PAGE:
Loaves, Fishes, and Compassion

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“Loaves, Fishes, and Compassion,” Liahona, Feb. 1999, 32

Loaves, Fishes, and Compassion

After a busy day, I needed reassurance from someone who could understand my challenges. Through the scriptures, I found the Savior’s help.

Like most mothers, I find myself continually stretching to meet the needs of my children. Watching them grow is an immeasurable joy, yet their need for love, affection, play, stories, teaching, bathing, feeding, and consoling is as constant as the ticking of the clock. In my busiest moments, I seem to have little time for self-renewal and personal peace.

Recently, while feeling consumed by constant demands, I sought relief in reading the New Testament account of Christ’s feeding of the 5,000. As the story unfolded, I saw how these scriptures related to mothering, and I was consoled in my moment of need.

At one point during His selfless ministry, the Lord learned of the brutal death of His servant John the Baptist. Jesus traveled shortly thereafter to “a desert place apart” (Matt. 14:13). But instead of finding solitude, He was met by a multitude seeking His healing and care.

Moved with compassion, Jesus postponed His moment of renewal and responded to their needs. Not only did He heal the sick, but He made sure all present were fed. Then after the multitude and His Apostles had departed, Jesus took His own leave “up into a mountain apart” (Matt. 14:23).

As I read these verses, I felt by the Spirit how much the Savior understands my trying moments. He knows the feeling of being surrounded by people in need, of having people follow Him from “out of the cities” all day and even into the night (Matt. 14:13; see also Mark 1:32–37). He experienced feeling physically spent during His earthly ministry. Surely, then, the Lord empathizes with my demanding role as a mother and is keenly aware of how my children’s outstretched arms and tearful eyes often delay my own restful intermissions.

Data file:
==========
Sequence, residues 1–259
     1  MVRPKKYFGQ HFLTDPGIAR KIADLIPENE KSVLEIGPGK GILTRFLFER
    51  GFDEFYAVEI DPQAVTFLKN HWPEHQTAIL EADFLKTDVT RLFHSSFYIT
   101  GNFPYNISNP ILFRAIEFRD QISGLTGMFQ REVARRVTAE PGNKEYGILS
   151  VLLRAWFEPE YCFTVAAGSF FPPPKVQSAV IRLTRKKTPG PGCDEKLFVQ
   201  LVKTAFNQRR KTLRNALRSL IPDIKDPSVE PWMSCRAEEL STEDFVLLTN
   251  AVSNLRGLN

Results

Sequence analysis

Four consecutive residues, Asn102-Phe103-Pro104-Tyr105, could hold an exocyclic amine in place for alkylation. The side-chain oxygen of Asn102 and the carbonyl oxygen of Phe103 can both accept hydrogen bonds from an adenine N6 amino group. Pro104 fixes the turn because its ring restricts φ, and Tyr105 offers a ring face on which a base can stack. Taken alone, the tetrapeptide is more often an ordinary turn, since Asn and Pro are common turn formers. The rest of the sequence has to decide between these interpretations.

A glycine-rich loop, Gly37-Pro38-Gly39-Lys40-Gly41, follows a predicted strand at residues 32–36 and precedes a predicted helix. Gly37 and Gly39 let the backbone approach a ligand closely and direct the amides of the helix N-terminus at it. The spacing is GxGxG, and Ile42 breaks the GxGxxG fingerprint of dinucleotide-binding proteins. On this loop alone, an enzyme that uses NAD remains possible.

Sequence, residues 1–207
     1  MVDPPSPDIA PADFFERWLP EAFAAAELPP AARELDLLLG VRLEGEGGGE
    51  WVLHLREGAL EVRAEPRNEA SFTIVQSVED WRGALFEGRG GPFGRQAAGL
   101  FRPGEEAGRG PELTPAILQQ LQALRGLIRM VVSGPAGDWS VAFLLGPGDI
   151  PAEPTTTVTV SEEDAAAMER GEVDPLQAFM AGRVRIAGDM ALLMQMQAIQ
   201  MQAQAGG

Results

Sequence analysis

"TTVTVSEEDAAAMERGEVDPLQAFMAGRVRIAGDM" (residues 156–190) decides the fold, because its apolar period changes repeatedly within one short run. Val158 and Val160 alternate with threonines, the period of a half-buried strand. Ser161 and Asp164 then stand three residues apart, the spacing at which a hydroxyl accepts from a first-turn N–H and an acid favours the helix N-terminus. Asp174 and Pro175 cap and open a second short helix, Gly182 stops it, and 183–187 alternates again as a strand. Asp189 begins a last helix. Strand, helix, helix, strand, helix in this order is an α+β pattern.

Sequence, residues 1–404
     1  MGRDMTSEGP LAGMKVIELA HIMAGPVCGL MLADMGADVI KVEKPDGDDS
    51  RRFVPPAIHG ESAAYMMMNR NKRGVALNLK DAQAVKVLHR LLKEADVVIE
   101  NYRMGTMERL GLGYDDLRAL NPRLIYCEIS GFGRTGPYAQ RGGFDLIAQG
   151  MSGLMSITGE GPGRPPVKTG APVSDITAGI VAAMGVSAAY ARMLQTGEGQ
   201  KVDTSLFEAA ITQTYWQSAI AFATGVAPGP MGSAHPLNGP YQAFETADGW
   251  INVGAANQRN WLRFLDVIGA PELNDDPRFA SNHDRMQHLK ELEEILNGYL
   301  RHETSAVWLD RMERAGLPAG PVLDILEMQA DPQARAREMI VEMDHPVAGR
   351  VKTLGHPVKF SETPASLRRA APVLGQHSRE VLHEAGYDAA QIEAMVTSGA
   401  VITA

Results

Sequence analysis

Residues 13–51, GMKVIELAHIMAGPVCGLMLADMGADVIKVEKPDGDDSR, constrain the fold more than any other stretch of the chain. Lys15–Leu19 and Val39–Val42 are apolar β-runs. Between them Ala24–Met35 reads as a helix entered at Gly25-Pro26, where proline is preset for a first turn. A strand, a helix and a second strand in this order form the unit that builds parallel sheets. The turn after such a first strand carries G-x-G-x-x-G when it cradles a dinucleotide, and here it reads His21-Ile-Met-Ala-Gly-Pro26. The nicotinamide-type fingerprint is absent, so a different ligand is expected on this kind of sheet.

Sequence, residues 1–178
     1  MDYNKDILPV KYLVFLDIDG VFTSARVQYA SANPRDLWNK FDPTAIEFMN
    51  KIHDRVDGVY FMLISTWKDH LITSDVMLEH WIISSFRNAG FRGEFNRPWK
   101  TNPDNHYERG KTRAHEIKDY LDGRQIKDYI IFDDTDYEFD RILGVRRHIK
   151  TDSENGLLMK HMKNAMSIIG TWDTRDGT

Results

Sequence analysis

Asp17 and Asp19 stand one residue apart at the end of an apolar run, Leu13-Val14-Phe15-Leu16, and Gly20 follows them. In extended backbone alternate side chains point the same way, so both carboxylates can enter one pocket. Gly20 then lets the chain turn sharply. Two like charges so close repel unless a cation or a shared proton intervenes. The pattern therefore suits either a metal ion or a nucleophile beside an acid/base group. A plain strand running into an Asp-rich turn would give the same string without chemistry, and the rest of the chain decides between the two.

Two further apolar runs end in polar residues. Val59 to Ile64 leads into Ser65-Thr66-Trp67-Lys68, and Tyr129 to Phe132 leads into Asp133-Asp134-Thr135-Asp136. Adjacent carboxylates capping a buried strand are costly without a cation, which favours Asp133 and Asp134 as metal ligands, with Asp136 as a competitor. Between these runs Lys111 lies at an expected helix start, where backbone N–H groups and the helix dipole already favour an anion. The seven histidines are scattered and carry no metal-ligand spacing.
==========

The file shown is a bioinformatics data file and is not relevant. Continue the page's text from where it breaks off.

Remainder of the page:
As I basked in the impact of these verses, I pondered how Jesus, disregarding weariness and the late hour, lovingly provided a meal for His followers, putting their need for refreshment above His own. I found myself recalling times when, exhausted from caring for sick children and keeping up with a busy household, I nevertheless shuffled into the kitchen and lovingly prepared dinner for my husband. I was suddenly filled with the feeling that the Savior knew of my simple yet sometimes uneven expressions of love, and He approved of my efforts.

And then it occurred to me that Jesus was likely the last to leave the desert place. I thought to myself, He even knows what it feels like to be the last one out of the kitchen!

In retrospect, I have wondered what I was grasping for that busy day when I collapsed on the couch with my scriptures. I didn’t need physical help as much as I needed to know that the Savior understands my challenges. In poring over the scriptures, I not only reveled in the Savior’s empathy and love for the multitude, and thus for me, but I also increased my own love for Him and my empathy for His sacrifices in serving others.

My intermission had finally come, as it did for Christ when He “went up into a mountain apart to pray: and when the evening was come, he was there alone” (Matt. 14:23). I was renewed both in my work as a mother and in my desire to become more like my Savior.

Photograph by Steve Bunderson, posed by models

Feeding the Five Thousand, by Hall, used with permission of the Providence Lithograph Company